Prior to the EU referendum, people who really should know about economics (including the Chancellor of the Exchequer and the Governor of the Bank of England) predicted a downturn should we choose to leave.
Early signs suggest they were right, after IHS Markit's Purchasing Managers Index fell to 47.7 in July, indicating the UK economy's steepest pace of contraction since 2009. The survey found that both manufacturing and service industries were hit, as output and new orders fell at a record rate.
The fall in manufacturing output and orders is the first since Q1 2013. And though exports enjoyed a boost thanks to the falling pound, the downside is that manufacturers' import costs have risen sharply.
Post Brexit recession?
Markit's chief economist Chris Williamson said the fall "was most commonly attributed in one way or another to Brexit," and that the result suggests a 0.4% economic contraction in Q3, depending on whether we see further deterioration. He added that the "record slump in service sector business expectations" suggests there's more to come.
What should we do?
Obviously, don't follow the sheep in the City and sell off everything in sight. No, we should re-evaluate our shares with a long-term view. And in the shorter term, we should be chasing exactly the same strategy as smart investors were doing during the banking crisis and seeking oversold shares to buy.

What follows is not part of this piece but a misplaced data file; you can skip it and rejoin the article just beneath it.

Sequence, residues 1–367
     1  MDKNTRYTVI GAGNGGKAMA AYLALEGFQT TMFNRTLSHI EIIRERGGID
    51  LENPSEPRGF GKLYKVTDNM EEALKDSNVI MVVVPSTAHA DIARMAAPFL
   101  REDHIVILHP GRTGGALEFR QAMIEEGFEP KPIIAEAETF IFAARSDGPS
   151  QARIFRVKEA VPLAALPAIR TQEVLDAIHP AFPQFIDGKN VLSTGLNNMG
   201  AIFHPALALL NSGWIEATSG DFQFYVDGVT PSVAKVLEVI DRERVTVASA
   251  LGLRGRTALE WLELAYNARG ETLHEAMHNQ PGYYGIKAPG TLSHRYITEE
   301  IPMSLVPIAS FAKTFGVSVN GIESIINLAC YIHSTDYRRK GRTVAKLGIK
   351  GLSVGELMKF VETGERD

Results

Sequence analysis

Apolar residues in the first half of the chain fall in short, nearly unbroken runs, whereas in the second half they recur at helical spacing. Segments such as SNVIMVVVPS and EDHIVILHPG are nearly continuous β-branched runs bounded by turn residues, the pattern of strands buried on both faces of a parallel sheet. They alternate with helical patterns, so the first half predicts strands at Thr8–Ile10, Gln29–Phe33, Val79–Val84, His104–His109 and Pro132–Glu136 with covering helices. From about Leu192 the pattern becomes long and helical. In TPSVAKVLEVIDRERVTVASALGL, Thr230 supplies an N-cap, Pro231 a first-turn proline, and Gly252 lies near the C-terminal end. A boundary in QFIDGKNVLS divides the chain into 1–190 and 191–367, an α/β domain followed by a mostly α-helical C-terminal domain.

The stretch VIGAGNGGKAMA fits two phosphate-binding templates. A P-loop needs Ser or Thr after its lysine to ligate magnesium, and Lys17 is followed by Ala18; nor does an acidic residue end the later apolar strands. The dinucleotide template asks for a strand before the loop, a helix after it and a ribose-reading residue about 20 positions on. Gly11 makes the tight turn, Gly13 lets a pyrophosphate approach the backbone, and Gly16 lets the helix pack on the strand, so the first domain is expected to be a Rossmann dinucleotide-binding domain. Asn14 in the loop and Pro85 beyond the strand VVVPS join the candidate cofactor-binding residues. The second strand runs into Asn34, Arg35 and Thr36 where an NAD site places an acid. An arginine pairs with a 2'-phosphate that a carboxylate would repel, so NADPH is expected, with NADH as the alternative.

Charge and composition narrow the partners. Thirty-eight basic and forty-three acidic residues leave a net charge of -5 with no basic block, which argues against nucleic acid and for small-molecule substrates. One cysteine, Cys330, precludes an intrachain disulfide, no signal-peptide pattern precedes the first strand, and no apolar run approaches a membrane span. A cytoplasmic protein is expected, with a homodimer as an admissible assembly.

Which are the bargains?
We should first examine the sectors that have been hit hardest. For example, even if some financial firms may genuinely suffer from Brexit hardship, the market will typically punish the whole sector -- even companies that shouldn't face any problems.
The most obvious one to me is insurer Aviva, which was very quick to respond to the referendum, proclaiming that the result "will have no significant operational impact on the company." Yet the shares are down 15% since the day and are now on a P/E of only 8.3 with forecast dividend yields of 6%. Tasty.
The other obvious big fallers are the housebuilders, with Barratt Developments down 30%, Taylor Wimpey down 25% and Persimmon down 24%. On P/E ratios of only a little over half the FTSE 100 average and with attractive dividend yields, do they sound cheap? They do to me.
Another approach is to look for shares that shouldn't be affected whether we're in the EU or out (though, arguably, that's something to have done before the vote and before their prices rose).
GlaxoSmithKline, which released results on Wednesday, has already committed to further investment in the UK -- and though the shares have gained 17% since the vote, I reckon they're still good long-term value.
Then you could look at what the top experts have been doing with their investment cash. Neil Woodford has spotted the insurance sector bargains and has snapped up some Legal & General shares, and has also bought into sub-prime lender Provident Financial. He's also invested in outsourcers Babcock International and Capita Group, both of which have said they expect little overall Brexit damage.
The bottom line is that we shouldn't see this as a disaster. We should do the opposite and see it as an opportunity to boldly profit from the fears of others, and turn the lemon we've been handed into lemonade.
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Alan Oscroft owns shares of Aviva. The Motley Fool UK owns shares of and has recommended GlaxoSmithKline. We Fools don't all hold the same opinions, but we all believe that considering a diverse range of insights makes us better investors.